Necessary tangents



Georgie Hunt

My favorite classes are the ones that hold the possibility for frequent tangents. An affinity for random digression does not arise from distaste for learning, an increasingly popular claim of having attention deficit disorder, nor perpetual boredom. An unanticipated turn in discussion from syllabi-signaled materials to reflective life lessons, anecdotes or a “Superbad” synopsis offers decadent delight in its most delicious flavor: unexpected.

The other day, in one such class of unpredictable possibilities, my professor shared with us a conversation she recently had with a Villanova senior. The anonymous senior, told my professor the details of his or her six-year strategy. It was the perfect picture of particulars we all have seen before. After graduation, we are going to get a good job – one on Wall Street perhaps. We are going to work for a few years. Only after we are established and comfortable with a roof over our life-sized Pottery Barn catalogue spread will there be any talk of square-cut canary diamonds. Maybe we will get a dog, so long as he promises not to eat the furniture and shed all over our black business casual clothing. Kids will come later when we have the stability to set aside funds for diapers and daycare. My heart! It suffocates under the deadweight normality of it all.

My professor told the story of her conversation with the senior in a tone of ironic stupefaction. She wanted to tell her former student, “Sorry. Life gets in the way of life.” The more detailed we paint our futures in our minds, the more we are disappointed and frustrated when the colors we concoct in our fantastic imaginations inevitability do not match the realistic hues of the future. Accepting the fact that we cannot assure ourselves the stability of specific details is not cause to abandon ambition, but we must not plot the present, robbing ourselves of surprise, in an effort to safeguard our futures. By planning, we must not deny ourselves the possibility of life’s beautiful tangents.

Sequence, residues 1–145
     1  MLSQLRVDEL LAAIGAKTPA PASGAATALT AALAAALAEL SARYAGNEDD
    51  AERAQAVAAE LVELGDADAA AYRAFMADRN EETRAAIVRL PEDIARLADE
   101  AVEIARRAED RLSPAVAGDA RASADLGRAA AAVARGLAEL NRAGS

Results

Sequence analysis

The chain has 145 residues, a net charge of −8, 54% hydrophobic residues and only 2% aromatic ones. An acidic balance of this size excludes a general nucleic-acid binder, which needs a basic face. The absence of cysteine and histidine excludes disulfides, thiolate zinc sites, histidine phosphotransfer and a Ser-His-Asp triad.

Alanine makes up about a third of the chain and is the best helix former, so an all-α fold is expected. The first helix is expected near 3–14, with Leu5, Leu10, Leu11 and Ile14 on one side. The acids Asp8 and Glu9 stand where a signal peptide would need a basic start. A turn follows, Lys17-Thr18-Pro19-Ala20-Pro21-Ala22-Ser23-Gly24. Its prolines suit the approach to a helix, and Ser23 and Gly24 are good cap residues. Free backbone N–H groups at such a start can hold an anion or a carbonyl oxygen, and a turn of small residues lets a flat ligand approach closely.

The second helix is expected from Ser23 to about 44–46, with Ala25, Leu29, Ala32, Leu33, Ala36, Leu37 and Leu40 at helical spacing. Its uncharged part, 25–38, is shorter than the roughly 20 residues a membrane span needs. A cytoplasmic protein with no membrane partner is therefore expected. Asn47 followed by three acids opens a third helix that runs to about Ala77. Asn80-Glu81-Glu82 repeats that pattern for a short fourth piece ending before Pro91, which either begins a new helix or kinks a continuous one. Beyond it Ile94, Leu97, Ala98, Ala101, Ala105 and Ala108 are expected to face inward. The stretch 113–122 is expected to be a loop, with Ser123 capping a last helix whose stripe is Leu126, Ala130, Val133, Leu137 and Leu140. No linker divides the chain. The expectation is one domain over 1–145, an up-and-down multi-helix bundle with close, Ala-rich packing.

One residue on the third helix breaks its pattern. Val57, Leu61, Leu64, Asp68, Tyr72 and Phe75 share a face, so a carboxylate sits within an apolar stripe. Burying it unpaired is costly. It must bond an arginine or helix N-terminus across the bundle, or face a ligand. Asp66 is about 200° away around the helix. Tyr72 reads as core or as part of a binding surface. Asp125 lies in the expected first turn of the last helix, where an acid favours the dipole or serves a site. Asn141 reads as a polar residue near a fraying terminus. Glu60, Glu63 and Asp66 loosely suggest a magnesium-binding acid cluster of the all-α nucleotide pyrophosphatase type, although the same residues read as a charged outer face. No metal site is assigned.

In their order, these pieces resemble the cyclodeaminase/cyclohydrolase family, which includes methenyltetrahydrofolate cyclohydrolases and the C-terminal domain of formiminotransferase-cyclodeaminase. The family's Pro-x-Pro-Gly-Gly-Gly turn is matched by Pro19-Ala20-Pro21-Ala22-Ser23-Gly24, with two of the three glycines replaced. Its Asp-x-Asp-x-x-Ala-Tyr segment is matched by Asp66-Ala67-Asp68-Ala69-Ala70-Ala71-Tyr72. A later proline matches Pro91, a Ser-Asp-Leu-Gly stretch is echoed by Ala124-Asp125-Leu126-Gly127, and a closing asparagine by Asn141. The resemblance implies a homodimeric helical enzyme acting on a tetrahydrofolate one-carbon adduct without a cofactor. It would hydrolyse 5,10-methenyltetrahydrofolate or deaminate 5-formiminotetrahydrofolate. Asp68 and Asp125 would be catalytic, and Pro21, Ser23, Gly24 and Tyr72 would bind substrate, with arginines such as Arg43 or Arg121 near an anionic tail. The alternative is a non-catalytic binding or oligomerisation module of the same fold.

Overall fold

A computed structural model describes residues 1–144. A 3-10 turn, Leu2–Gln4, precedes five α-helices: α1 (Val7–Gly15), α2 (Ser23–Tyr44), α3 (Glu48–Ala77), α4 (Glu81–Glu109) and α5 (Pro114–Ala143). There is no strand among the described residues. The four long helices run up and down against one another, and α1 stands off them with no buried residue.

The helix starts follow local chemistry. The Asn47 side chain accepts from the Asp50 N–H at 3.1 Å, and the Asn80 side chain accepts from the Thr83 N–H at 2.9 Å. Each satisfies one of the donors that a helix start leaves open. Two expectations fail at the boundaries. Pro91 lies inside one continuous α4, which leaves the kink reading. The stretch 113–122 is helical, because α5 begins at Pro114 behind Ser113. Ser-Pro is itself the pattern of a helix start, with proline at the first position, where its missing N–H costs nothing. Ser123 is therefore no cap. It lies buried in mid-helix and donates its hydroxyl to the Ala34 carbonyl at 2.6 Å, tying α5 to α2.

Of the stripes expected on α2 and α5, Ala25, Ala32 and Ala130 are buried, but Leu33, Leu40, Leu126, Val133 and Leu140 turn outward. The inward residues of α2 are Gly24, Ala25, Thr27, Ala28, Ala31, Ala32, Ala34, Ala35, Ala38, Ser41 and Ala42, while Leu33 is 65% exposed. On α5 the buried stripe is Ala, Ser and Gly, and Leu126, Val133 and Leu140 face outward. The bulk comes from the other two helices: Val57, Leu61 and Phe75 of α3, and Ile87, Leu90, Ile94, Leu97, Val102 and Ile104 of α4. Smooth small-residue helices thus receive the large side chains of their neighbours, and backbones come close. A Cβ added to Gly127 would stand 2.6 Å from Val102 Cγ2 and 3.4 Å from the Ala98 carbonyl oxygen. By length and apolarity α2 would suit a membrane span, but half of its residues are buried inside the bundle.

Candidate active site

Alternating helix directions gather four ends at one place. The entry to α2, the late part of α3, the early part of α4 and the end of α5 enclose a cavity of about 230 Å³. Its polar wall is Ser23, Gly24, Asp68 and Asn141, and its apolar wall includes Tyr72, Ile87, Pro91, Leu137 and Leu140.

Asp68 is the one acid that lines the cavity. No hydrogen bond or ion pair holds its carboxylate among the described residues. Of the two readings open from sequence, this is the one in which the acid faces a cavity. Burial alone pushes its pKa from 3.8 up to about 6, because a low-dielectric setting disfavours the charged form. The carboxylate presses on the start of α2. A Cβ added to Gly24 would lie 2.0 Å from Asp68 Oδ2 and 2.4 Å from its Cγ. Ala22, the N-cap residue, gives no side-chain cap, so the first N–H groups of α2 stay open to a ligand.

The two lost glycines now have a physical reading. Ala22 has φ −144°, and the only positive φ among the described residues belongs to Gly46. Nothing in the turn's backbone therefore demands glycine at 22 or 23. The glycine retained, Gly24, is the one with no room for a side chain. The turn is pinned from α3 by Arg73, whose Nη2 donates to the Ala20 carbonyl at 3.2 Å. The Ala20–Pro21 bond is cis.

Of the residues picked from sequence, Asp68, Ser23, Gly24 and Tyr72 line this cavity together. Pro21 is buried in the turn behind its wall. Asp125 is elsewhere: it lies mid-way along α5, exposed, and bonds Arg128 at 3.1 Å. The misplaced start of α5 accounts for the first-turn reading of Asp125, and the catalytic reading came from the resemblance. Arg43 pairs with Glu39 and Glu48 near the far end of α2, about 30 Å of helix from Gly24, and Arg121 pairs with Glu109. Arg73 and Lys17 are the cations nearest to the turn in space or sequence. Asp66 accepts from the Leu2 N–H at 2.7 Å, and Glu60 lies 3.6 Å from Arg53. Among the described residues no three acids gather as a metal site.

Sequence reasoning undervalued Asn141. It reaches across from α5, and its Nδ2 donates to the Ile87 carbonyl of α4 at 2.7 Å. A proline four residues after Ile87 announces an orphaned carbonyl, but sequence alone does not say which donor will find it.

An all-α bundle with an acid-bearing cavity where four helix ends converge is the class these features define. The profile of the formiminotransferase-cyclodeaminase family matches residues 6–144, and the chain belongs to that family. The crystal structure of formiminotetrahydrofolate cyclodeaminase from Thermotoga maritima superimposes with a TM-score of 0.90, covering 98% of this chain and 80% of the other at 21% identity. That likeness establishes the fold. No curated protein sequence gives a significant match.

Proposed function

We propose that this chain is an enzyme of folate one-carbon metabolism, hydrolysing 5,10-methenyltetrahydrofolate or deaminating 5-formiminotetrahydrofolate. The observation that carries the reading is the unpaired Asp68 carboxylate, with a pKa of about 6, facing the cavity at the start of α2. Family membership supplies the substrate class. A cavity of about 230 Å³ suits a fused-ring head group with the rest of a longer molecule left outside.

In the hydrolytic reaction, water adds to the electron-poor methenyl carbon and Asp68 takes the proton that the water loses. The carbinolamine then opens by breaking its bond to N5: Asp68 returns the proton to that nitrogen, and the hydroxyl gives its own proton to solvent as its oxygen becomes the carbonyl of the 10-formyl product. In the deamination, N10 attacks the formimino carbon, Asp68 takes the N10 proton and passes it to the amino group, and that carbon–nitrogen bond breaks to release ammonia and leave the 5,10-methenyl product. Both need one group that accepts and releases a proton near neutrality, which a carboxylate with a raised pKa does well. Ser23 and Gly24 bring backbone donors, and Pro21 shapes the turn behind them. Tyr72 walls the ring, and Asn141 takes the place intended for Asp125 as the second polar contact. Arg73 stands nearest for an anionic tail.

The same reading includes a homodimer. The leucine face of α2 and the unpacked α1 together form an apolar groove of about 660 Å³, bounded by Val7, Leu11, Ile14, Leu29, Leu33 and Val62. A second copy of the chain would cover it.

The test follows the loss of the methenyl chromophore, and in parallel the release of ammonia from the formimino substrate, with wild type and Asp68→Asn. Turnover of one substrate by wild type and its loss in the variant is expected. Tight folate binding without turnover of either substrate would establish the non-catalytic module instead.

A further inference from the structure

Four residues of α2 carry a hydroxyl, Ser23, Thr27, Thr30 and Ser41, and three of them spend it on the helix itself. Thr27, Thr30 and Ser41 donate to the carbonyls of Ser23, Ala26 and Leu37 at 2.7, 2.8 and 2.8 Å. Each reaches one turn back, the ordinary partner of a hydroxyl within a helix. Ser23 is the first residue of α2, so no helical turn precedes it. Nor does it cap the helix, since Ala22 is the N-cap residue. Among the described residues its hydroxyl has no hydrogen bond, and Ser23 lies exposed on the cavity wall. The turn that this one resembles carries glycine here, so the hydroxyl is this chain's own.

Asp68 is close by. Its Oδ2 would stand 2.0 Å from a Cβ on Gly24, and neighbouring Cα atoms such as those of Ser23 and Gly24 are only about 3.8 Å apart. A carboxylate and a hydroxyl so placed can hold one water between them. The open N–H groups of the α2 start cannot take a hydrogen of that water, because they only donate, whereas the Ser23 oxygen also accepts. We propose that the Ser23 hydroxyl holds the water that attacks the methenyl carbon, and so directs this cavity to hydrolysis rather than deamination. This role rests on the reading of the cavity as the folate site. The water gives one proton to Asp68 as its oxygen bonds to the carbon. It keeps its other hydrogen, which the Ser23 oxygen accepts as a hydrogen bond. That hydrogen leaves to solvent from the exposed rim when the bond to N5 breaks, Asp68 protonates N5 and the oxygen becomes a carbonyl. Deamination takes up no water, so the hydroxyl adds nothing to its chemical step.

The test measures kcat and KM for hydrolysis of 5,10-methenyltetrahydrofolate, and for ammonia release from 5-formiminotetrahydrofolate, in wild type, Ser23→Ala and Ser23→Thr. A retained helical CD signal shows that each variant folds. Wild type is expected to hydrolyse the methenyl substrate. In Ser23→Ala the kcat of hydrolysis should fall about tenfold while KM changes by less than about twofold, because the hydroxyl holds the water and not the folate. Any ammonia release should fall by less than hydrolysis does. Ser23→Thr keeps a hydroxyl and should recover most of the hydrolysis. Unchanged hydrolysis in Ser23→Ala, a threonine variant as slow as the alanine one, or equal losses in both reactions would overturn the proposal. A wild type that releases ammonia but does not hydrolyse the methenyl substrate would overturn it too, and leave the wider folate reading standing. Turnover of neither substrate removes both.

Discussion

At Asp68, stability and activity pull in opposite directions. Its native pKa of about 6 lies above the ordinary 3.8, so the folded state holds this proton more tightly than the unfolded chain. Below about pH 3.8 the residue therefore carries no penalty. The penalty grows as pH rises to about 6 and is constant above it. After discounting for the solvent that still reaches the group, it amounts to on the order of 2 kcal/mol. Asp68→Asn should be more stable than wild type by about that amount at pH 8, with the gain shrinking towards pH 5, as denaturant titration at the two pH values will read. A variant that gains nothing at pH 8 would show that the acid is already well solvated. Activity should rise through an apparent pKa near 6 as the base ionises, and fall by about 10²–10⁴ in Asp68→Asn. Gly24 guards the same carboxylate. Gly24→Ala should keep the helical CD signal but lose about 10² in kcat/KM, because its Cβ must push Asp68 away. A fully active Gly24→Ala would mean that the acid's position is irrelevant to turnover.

A friend’s father, a high school English teacher, has said that people with a plan are scary. There is something robotic and mechanized about the predetermined pubescent. Goals are worthy of their own approbation because of the ambition that fuels them, but excessive forward-focus desensitizes people to the present. As 18-20-something-year-old college students, we practiced and studied our entire lives to get into college. Once in, we practice and study in order to graduate out of one door and sign a contract into another. Do we deserve congratulations for our focus and ambition, or do we stare so straight ahead that we are guilty of neglecting to notice the present?

You could argue it takes a skeptic to say that all that you have planned is never going to come to fruition. On the other hand, you could realize it takes an idealist to dare to risk living life without a plan. Recently I read an article assigned with the attached professor commentary: “You are going to hate me for making you read this.” I am led to believe there must be something wrong with me for loving Garret Keizer’s article titled “World Enough and Time.” He writes, “But we weren’t too careful about what we wished for, and mostly I’m glad.” I want to thank him for telling me that he entered the world of adulthood armed with nothing more than the knowledge of what he wanted and wanting nothing more. The article set my heart palpitating faster because in some of the most beautiful writing I have ever read, it spoke that which I have always believed.

For all those college students without the six-year plan, it matters not where we are going. We cannot live today for the fulfillment of our 45-year-old selves. We have heard it said that these four years are about living in the moment. Living in the moment is not about acting irresponsibly tonight despite tomorrow’s looming consequences; rather it is about appreciating the inexplicable, boundless possibilities of tomorrow – the turns and tangents – and living in the midst of their magnificent potential. The article reminded me that what matters most is the abundant passion we pump into three lingering dots: “All I want …” As long as we can fill them, we will be fine and can afford to embrace a tangent or two.


Georgie Hunt is a junior English major from Pomfret, Conn. She can be reached at [email protected]